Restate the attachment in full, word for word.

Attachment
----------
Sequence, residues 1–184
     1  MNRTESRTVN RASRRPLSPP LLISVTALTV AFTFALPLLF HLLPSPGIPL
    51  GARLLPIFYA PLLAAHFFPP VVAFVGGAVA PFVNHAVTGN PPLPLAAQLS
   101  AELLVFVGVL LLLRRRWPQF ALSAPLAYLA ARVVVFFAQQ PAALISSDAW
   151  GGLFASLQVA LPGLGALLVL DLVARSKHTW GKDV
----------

Sequence, residues 1–184
     1  MNRTESRTVN RASRRPLSPP LLISVTALTV AFTFALPLLF HLLPSPGIPL
    51  GARLLPIFYA PLLAAHFFPP VVAFVGGAVA PFVNHAVTGN PPLPLAAQLS
   101  AELLVFVGVL LLLRRRWPQF ALSAPLAYLA ARVVVFFAQQ PAALISSDAW
   151  GGLFASLQVA LPGLGALLVL DLVARSKHTW GKDV